IntroductionLast week, we took a first look at the new PhysX add-in physics accelerator from AGEIA. After our article was published, AGEIA released an update to their driver that addresses some of the framerate issues in Ghost Recon Advanced Warfighter. While our main focus this time around will be on BFG's retail part, we will explore the effectiveness of this patch and go a little further in-depth with the details behind our performance analysis.
In addition to the BFG retail PhysX card and Ghost Recon update, we will take a look at a few demos that require the PhysX card to run. While there aren't any games scheduled to come out in the near future that will take this new technology to the extreme, it will be nice to get a glimpse into the vision AGEIA has for the future. Getting there will certainly be a hard road to travel. Until more games come out that support the hardware, we certainly can't recommend PhysX to anyone but the wealthy enthusiasts who enjoy the novelty of hardware for hardware's sake. Even if PhysX significantly enhances the experience of a few games right now, it will be a tough sell to most users until there is either much wider software support, good games which require the hardware, or a killer app with a PhysX hardware accelerated feature that everyone wants to have.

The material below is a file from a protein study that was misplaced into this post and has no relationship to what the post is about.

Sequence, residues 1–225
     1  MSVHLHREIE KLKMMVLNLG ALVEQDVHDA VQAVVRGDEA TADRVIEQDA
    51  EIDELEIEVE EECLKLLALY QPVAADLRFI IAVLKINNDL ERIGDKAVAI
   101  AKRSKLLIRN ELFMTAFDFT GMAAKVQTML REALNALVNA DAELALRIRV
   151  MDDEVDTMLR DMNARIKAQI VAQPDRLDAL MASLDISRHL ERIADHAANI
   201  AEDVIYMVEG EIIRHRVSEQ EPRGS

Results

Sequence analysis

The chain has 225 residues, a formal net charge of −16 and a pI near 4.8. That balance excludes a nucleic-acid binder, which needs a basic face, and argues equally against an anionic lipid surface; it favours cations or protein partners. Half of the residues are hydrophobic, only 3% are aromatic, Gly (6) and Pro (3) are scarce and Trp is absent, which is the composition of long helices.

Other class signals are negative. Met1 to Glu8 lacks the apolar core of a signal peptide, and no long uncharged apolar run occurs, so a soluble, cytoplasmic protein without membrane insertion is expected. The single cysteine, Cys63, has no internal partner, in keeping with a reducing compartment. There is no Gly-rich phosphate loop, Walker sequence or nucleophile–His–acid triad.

As for games which will include PhysX hardware support, the only three out as of this week are Tom Clancy's Ghost Recon Advanced Warfighter (GRAW), Rise of Nations: Rise of Legends (ROL) and City of Villains (COV). Rise of Legends came out last week, and we have been extensively testing it. Unfortunately, PhysX hardware support will only be added in an upcoming patch for which we have no real ETA.
We worked very hard to test City of Villains, and we finally succeeded in creating a repeatable benchmark. The specific content in City of Villains which supports the AGEIA PhysX PPU (physics processing unit) is a series of events called the Mayhem Missions. This is a very small subset of the game consisting of timed (15 minute) missions. Currently these missions are being added in Issue 7 which is still on the test server and is not ready for primetime. Full support for PhysX was included on the test server as of May 10th, so we have benchmarks and videos available.
Before we jump into the numbers, we are going to take a look at the BFG card itself. As this is a full retail part, we will give it a full retail workup: power, noise, drivers, and pricing will all be explored. Our investigations haven't turned up an on-chip or on-board thermistor, so we won't be reporting heat for this review. Our power draw numbers and the size of the heat sink lead us to believe that heat should not be a big issue for PhysX add-in boards.